I'm curious, does attaching the new branch ever create issues? Can the tree reject the new branch like how a human body can reject an organ transplant? Does the new branch "mix" with the new tree and take traits from both the original and new tree, affecting the fruit in the process?
Sure - not all grafts “take”, which is why there is a bit of technique and the person grafting in the video is showing how they do it. There are a variety of ways, some simpler than this, some more complex. Grafts can introduce disease in some cases, but it’s actually because bacteria or insects entered through the wound. People are careful not to graft material that carries disease. If the graft and rootstock are not compatible, the graft will not take. It’s interesting that [different species](https://homeguides.sfgate.com/compatible-fruit-tree-grafting-62200.html) can be compatible in plants.
I remember seeing ads for a “magical” fruit tree with all kinds of stone fruit on on tree… maybe peaches, plums, cherries, apricots. I assume it was created using grafting.
I have a 4 in 1 apple tree like this (but bigger):
Sam Van Aken may be the most famous of these practitioners: https://www.cnn.com/2015/08/03/living/tree-40-fruit-sam-van-aken-feat/index.html#:\~:text=Sam%20Van%20Aken-,Stone%20fruits%20are%20fruits%20with%20pits.,%2C%20cherries%2C%20nectarines%20and%20almonds.&text=Sam%20Van%20Aken-,Sam%20Van%20Aken%20created%20the%20Tree%20of%2040%20Fruit%20by,producing%20multiple%20types%20of%20fruit.
Which is why bananas are such a huge problem. They're all genetic clones so they're all susceptible to the same diseases.
The banana everyone ate up until the 1950s was the Gros Michel which was almost wiped out by a disease. The banana we see now is the Cavendish which is starting to become susceptible as well.
Now days the bananas we buy are a hybrid of cavandish and Gros Michel. Each was susceptible to different diseases, but the hybrid isn't affected.
I believe this is also done with potatoes. When you are using the potato to grow a new plant, you are actually cloning it. Potato plants produce a fruit that contains the true seed but you can keep the potato the same by cloning the plant.
Its also worth adding we graft sometimes because we have found one variety of a plant that has amazing roots and can survive all kinds of bad weather, and another variety that has an amazing above ground part but is weedy and dies easily.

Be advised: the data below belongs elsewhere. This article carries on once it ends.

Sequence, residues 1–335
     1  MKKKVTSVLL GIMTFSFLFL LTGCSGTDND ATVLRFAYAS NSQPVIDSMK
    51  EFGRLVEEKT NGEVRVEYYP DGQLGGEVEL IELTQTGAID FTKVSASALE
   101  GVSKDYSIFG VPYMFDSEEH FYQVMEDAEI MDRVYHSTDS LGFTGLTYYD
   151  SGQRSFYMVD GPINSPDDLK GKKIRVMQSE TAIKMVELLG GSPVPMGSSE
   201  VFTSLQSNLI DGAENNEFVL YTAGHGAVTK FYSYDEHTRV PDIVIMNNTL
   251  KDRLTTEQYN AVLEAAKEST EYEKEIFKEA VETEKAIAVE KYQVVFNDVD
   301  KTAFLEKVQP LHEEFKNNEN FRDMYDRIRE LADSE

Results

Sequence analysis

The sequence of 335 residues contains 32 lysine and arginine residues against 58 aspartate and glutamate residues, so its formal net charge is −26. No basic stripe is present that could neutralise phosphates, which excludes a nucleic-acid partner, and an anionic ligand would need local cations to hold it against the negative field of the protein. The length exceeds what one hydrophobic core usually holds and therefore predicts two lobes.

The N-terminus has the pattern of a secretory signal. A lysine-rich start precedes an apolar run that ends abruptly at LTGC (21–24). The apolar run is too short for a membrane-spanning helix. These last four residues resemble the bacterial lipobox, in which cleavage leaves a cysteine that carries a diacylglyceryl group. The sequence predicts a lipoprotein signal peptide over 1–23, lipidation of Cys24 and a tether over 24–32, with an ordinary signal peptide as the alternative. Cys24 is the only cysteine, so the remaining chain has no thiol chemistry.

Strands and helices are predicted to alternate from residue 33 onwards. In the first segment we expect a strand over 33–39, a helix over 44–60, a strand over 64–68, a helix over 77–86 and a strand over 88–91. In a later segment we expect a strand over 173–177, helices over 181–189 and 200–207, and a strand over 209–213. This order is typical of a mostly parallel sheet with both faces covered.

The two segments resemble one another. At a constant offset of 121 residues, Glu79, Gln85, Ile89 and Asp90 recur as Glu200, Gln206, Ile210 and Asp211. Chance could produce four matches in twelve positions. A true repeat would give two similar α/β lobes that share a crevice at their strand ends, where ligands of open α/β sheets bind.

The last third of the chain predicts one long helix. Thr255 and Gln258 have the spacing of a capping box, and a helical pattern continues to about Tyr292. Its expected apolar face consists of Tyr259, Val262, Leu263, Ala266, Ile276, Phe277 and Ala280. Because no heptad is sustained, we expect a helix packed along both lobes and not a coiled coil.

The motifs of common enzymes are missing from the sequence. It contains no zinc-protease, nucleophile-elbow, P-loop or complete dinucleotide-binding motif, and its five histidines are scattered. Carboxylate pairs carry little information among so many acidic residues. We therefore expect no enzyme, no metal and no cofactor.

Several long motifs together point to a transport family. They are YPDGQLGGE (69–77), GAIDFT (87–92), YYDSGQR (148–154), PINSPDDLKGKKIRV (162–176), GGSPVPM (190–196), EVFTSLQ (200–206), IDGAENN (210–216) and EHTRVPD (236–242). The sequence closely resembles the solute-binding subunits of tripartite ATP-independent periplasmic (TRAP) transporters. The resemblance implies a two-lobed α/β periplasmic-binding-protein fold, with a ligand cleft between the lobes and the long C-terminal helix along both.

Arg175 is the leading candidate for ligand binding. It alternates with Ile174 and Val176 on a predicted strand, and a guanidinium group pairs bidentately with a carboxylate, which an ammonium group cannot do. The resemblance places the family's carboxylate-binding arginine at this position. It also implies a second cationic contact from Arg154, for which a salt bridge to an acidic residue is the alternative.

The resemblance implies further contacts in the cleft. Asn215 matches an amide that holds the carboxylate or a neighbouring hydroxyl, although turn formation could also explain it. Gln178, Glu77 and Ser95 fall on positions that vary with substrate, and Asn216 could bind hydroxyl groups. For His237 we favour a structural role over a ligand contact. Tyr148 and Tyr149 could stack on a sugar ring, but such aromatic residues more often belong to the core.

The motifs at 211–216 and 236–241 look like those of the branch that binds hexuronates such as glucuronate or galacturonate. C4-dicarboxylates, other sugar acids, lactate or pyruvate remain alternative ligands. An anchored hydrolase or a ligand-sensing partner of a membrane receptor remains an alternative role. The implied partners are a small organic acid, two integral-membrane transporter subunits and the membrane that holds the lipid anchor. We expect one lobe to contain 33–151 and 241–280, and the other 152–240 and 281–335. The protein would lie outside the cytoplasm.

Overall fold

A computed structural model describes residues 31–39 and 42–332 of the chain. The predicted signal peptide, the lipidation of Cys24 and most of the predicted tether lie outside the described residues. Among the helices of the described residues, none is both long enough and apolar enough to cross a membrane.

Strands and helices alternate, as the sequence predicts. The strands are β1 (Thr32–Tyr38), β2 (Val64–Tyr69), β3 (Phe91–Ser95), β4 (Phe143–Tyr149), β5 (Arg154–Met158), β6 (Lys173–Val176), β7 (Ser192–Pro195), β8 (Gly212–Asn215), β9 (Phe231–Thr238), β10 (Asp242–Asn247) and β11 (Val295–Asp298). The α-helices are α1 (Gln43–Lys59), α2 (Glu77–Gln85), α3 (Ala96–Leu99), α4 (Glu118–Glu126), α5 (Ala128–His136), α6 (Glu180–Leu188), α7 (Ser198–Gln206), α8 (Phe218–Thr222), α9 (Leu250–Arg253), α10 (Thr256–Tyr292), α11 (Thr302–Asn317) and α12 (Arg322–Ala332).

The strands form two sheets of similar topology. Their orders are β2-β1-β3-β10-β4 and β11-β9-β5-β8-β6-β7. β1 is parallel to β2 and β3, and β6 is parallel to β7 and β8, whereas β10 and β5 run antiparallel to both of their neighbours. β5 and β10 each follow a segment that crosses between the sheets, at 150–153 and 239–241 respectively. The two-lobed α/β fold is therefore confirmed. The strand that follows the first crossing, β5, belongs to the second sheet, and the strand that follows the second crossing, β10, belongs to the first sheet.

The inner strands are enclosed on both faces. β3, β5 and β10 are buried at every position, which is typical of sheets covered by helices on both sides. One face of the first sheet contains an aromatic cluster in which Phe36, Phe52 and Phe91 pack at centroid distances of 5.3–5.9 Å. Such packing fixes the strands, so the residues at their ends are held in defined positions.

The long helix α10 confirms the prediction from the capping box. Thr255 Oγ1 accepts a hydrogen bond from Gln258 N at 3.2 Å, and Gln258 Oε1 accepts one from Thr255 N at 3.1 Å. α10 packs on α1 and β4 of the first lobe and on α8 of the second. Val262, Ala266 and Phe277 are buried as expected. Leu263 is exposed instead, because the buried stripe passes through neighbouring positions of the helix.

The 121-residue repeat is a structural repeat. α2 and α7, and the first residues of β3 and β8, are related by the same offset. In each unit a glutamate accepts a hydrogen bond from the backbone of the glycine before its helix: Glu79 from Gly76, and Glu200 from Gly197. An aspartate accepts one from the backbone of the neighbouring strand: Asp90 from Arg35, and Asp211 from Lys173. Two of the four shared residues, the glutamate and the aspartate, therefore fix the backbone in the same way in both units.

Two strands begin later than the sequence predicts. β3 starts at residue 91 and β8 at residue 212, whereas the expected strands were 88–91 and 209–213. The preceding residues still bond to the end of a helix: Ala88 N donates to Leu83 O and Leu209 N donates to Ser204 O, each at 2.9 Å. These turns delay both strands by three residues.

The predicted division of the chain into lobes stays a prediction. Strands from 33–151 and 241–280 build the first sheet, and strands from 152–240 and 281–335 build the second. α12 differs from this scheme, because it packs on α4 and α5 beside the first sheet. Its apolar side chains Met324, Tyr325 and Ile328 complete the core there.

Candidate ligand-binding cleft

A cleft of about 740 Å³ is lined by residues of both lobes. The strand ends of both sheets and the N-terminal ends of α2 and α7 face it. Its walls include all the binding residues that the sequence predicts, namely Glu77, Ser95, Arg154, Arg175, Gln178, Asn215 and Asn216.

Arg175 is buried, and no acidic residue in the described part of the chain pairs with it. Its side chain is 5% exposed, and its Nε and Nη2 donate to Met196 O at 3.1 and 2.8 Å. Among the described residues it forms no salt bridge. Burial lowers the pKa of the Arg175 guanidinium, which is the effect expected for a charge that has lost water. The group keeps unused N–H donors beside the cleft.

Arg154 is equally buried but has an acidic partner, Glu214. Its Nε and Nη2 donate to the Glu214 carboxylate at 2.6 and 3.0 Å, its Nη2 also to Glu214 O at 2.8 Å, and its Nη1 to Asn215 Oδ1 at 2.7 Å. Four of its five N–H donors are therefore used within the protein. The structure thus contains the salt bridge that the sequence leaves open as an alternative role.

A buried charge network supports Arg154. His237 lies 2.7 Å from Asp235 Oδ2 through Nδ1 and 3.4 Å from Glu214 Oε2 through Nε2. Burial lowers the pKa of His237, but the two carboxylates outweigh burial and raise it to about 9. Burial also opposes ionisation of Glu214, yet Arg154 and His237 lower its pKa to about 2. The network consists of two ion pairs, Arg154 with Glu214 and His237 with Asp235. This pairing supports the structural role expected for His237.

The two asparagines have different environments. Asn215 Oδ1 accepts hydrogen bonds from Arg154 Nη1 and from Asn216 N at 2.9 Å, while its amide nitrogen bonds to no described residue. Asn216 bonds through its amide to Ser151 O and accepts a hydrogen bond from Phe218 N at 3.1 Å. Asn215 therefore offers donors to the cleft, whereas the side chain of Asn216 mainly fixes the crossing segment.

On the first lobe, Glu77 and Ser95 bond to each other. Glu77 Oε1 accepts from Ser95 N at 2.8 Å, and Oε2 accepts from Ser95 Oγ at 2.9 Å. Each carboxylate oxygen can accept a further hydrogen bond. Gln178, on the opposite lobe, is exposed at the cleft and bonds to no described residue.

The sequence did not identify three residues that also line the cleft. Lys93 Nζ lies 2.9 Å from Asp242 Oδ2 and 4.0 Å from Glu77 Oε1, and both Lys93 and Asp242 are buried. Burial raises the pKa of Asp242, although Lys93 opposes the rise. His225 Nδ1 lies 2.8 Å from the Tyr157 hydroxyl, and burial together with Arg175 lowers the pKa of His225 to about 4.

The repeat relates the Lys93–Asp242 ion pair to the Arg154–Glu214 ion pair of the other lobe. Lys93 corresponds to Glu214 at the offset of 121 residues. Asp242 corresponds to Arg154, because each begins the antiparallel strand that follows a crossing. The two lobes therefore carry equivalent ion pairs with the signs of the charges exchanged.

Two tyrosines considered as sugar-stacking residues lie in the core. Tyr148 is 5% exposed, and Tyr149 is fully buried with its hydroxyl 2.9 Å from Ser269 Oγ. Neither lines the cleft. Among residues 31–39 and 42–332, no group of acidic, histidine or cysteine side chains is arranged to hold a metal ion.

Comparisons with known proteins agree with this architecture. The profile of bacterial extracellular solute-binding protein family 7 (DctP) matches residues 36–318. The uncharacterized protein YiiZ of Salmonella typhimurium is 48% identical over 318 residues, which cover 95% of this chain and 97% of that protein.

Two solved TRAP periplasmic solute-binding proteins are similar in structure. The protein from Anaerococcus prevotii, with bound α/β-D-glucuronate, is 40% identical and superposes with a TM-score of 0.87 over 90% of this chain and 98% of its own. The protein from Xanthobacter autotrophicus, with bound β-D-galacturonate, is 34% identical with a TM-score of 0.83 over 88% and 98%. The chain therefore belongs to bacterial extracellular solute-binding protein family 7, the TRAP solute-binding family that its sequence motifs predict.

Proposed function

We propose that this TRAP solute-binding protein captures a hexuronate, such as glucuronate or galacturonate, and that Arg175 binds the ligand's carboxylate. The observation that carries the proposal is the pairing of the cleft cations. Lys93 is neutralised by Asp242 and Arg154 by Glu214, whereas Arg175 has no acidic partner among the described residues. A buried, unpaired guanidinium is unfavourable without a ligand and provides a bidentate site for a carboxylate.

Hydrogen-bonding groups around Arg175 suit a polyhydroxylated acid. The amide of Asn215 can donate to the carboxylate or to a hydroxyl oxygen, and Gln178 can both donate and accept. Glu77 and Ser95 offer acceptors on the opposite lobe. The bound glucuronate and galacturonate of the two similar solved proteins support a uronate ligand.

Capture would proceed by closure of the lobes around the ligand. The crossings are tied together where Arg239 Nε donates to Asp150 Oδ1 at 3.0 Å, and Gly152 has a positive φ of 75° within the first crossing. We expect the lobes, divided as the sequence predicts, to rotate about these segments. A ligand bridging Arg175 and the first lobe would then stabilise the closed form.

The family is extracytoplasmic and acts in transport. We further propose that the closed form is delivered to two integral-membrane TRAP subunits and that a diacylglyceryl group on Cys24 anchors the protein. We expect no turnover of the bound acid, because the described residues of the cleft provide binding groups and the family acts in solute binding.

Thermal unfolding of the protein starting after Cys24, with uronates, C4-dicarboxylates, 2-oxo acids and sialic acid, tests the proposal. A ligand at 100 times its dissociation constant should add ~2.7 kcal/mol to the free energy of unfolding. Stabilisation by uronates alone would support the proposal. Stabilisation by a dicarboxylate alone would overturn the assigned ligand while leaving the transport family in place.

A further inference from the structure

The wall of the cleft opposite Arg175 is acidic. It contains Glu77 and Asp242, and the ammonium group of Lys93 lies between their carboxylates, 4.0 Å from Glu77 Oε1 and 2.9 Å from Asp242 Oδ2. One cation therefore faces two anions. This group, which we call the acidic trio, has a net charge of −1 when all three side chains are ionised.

if we graft the plant we want above ground onto the plant we want below ground we get a better plant than we would have got with either of them alone.
Another good example is Arabica coffee bean vs Robusta coffee bean.
Arabica tends to taste better but isn't as hardy as the Robusta so they just graft Arabica stems onto Robusta roots.
Can you graft Usain Bolt’s feet onto my legs?
I've heard of this before! https://en.wikipedia.org/wiki/Great_French_Wine_Blight
This is also done to control the size of the plant. Graft a navel orange tree to a dwarf rootstock and you get full size oranges growing from a 6ft tree (instead of 15-20ft tall)
Source: I have a dwarf navel orange tree on my patio
Today I leaned McIntosh is an Apple and not just Steve jobs
It can also be used to make one tree with multiple different fruits coming out. I.E. there’s a tree at a cemetery near my house that’s half crabapple and half regular Apple. When it blooms it’s half pink and half white. You could also do a cherry-plum or a peach-apricot as they are in the same family but you could not do a peach-apple you could do an apple-pear.
TIL Mcintosh is an apple variety. I guess that’s where Apple got the name for their computers from?
There are some varieties of fruit trees that are really hard to grow, but are more desirable (larger fruit, better flavor, etc). There are other varieties that are easy to grow but don't have great fruit.
Grafting lets you attach the desirable variety onto the less desirable one, so that you get the growing benefits of the one and the fruit benefits of the other
So you can graft a branch from an apple tree onto another fruit tree, and that branch will produce apples?